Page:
Think American Tennis Is in Trouble? Look at Australia

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There's no question that American tennis has hit a particularly rough patch these days. For the second consecutive year (and the only two times ever) no American men made it into the quarter finals of our national championship (the U.S. Open since 1968, the amateur championship before that going back to 1881). Top-ranked American Andy Roddick is barely holding onto a top 10 ranking, with the next three American men (John Isner, Mardy Fish, and Sam Querrey) holding down the 20th, 21st, and 22d slots—and none keeping the likes of Rafael Nadal, Novak Djokovic. Robin Soderling, let alone Roger Federer, up at nights. As for the women, only the Williams sisters are keeping the stars and stripes flying at the sport's top level.

But for any American tennis fan bewailing his compatriot's current lackluster showing on the world stage, remember that it could be worse. Think Australia.

Time was when that island nation of about 10 million people ruled the world of tennis as no nation has ruled any sport before or since. Throughout the 1950s and 1960s, an era when international tennis was pretty much the private property of just two countries, Australia and the United States, there was no question about the identity of the senior partner. Australia won the Davis Cup fifteen times (1950-1953, 1955-1957, 1959-1962, 1964-1967), its supremacy punctuated by the occasional American win (one of which, in 1958, required the controversial recruitment of Peruvian Alex Olmedo to the American squad). Not bad for a country with a population less than one fifteenth that of its routinely vanquished rival.

Player after top ranked player rolled off what appeared to be a seamless Australian assembly line of tennis talent: from Frank Sedgman to Lew Hoad to Ken Rosewall to Ashley Cooper (who he? only the winner of the three Grand Slam tournaments in 1958) to Mal Anderson to Neale Fraser to Rod Laver to Roy Emerson to John Newcombe). Australian men won the U.S. championship in 1951, 1952, 1956, 1957, 1958, 1959, 1960, 1961, 1962, 1964, 1966 , 1967, and 1969 and Wimbledon in 1952, 1956, 1957, 1958, 1960, 1961, 1962, 194, 1965, 1968, 1969, 1970 and 1971, with Rod Laver completing two grand slams of all four majors in 1962 (as an amateur) and again in 1969 (as a professional). In 1956, 1957, 1958, 1960, 1962, 1964, 1965, 1968, 1969, and 1970 the Wimbledon final was an all-Australian match-up; and the same was true in the U.S. championships in 1956, 1957, 1958, 1960, 1961, 1962, 1964, 1966, 1969 and 1970. In 1969, even as the era of Australian tennis dominance was beginning to ebb, six of the 8 quarter-finalists in the U.S. Open were Australians.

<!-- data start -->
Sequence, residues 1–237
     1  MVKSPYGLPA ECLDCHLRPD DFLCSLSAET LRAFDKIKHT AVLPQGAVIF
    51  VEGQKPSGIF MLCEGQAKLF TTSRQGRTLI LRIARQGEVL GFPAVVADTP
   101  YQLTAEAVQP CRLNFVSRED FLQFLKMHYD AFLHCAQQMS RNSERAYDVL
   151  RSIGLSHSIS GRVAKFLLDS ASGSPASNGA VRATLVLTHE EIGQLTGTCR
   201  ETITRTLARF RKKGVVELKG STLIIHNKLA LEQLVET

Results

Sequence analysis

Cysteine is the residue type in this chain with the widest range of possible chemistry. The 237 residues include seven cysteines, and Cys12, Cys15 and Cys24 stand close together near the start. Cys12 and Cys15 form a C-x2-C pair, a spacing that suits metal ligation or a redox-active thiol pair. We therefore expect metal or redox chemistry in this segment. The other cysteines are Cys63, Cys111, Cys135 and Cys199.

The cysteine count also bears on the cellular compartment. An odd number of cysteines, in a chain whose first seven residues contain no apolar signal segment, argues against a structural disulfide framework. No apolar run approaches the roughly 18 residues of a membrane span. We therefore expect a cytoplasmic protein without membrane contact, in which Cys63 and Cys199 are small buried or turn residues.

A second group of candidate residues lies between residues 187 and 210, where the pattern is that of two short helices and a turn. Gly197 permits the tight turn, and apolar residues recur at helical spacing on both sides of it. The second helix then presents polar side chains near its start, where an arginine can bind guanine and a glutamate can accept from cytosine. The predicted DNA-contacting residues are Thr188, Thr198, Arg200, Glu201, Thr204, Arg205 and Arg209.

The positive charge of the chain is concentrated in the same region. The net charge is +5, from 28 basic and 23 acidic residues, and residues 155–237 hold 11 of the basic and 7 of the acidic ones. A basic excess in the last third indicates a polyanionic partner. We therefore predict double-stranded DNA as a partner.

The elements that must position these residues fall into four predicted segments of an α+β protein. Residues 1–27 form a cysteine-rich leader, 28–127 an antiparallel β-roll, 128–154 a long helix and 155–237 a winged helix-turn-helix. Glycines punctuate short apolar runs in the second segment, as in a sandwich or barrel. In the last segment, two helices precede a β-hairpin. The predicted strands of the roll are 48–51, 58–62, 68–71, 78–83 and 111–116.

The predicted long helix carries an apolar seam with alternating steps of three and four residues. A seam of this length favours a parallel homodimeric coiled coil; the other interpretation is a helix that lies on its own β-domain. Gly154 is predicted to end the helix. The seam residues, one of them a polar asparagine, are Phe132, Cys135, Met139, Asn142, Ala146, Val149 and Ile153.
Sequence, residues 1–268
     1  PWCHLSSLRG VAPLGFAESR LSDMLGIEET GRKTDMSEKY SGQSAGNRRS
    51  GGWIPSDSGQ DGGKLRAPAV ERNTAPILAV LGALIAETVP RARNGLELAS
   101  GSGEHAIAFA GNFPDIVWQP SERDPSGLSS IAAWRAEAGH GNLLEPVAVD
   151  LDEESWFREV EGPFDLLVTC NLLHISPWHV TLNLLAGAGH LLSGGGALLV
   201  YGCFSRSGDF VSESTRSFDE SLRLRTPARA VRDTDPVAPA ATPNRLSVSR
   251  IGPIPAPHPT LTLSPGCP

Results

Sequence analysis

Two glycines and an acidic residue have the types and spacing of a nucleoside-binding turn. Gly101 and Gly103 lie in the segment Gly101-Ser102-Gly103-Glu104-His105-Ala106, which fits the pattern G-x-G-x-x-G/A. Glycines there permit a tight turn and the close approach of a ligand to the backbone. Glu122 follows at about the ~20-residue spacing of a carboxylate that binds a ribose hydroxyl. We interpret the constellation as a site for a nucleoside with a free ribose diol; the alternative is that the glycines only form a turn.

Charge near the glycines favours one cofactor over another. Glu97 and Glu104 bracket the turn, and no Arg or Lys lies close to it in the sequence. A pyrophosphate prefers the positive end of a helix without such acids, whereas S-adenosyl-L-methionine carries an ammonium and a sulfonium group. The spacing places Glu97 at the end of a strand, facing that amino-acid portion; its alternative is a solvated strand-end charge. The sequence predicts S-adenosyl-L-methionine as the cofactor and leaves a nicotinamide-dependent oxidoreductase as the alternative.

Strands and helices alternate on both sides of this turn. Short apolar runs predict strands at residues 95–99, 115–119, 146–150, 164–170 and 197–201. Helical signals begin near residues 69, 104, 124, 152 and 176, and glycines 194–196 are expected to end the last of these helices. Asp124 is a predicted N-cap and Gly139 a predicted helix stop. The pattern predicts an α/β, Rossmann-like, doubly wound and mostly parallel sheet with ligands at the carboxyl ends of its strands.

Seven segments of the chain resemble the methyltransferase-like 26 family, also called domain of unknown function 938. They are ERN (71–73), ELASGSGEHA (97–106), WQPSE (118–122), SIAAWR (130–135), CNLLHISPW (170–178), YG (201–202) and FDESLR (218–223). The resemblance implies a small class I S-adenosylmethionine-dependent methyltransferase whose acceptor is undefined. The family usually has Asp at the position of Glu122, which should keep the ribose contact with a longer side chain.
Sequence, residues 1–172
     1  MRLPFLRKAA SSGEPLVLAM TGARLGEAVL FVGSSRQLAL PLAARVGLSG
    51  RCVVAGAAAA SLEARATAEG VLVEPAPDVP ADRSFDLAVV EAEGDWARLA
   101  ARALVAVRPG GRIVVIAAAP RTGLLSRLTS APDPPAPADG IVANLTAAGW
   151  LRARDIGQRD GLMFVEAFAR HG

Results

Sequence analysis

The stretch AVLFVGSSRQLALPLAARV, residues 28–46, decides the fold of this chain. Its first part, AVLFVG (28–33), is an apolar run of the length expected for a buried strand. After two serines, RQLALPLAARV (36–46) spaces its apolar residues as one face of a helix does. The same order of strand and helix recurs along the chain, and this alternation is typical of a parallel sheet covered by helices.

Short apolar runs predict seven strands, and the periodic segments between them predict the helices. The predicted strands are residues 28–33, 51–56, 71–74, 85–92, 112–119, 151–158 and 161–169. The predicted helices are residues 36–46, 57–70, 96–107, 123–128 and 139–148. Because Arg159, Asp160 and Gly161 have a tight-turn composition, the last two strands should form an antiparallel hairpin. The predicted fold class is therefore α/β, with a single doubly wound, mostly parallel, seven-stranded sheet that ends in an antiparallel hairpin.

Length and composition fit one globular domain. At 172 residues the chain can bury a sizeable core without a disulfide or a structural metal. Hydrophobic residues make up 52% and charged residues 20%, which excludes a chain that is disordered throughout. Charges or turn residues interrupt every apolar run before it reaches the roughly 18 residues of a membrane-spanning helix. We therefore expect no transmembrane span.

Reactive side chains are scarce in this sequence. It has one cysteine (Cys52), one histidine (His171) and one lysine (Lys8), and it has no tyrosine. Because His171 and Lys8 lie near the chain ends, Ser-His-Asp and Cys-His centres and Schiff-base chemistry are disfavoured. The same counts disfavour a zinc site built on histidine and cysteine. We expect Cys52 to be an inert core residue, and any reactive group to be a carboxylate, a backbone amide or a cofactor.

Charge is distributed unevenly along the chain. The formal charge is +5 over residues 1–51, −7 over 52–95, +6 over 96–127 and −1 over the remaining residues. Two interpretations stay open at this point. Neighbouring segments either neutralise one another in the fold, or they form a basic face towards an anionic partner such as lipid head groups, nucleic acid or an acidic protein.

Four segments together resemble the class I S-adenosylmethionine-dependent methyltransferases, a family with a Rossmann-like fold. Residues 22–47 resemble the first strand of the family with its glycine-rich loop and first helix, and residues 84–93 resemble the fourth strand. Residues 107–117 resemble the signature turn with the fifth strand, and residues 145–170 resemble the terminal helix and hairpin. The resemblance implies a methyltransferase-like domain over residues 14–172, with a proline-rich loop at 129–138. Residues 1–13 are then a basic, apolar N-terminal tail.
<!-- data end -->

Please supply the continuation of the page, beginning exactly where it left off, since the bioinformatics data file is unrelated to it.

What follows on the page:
And today? There is only one Australian in the men's top 100—Leyton Hewitt with a ranking of 34—no Davis Cup title for Australia since 1999, and the last grand slam win for an Australian man that of Hewitt at Wimbledon in 2002. No Australian has even won the men's Australian Open championship since Mark Edmondson in 1976. Two things upended the Australian juggernaut. The advent of open tennis triggered a worldwide growth in the game that broke up the American-Australian duopoly. Perhaps even more important -students of the "great man school of history please note"—Australian coach and Davis Cup captain Harry Hopman who had led his countrymen to all those Davis Cup victories in the two decades after assuming the Australian team captaincy in 1950—emigrated to the United States in 1969 where he counted Vitus Gerulaitis and John McEnroe among his charges. Tennis down under never recovered.

And so American tennis may today be in the dumps. But Australia has fallen further, and from a much greater height—if that's any consolation.

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Henry D. Fetter is the author of Taking on the Yankees: Winning and Losing in the Business of Baseball and has written widely about the business and politics of sports. More

Henry D. Fetter is the author of Taking on the Yankees: Winning and Losing in the Business of Baseball (WW Norton). He has written about the business and politics of sports, the American left, Jewish and Israeli history, and legal affairs for publications including the New York Times, Wall Street Journal, the Times Literary Supplement, the Journal of Sport History, Israel Affairs, The Public Interest, American Communist History, The National Pastime, and the Encyclopedia of American Jewish History, and his work has appeared in several baseball history anthologies.

His article "Revising the Revisionists: Walter O' Malley, Robert Moses and the End of the Brooklyn Dodgers" was awarded the Kerr History Prize for the best article published in 2008 in the journal New York History; an earlier version of that article was presented at the Columbia University symposium "Robert Moses: New Perspectives on the Master Builder" (March 2007) and received a McFarland-SABR Baseball Research Award. He is the recipient of research grants from the Society for American Baseball Research and the Harry S. Truman Library Institute.

Fetter is a graduate of Harvard Law School and also holds degrees in history from Harvard College and the University of California, Berkeley. A native New Yorker, he attended his first major league baseball game at Brooklyn's Ebbets Field on Memorial Day 1955 and some years later followed the Dodgers to Los Angeles where he has practiced business and entertainment litigation for the past 30 years.

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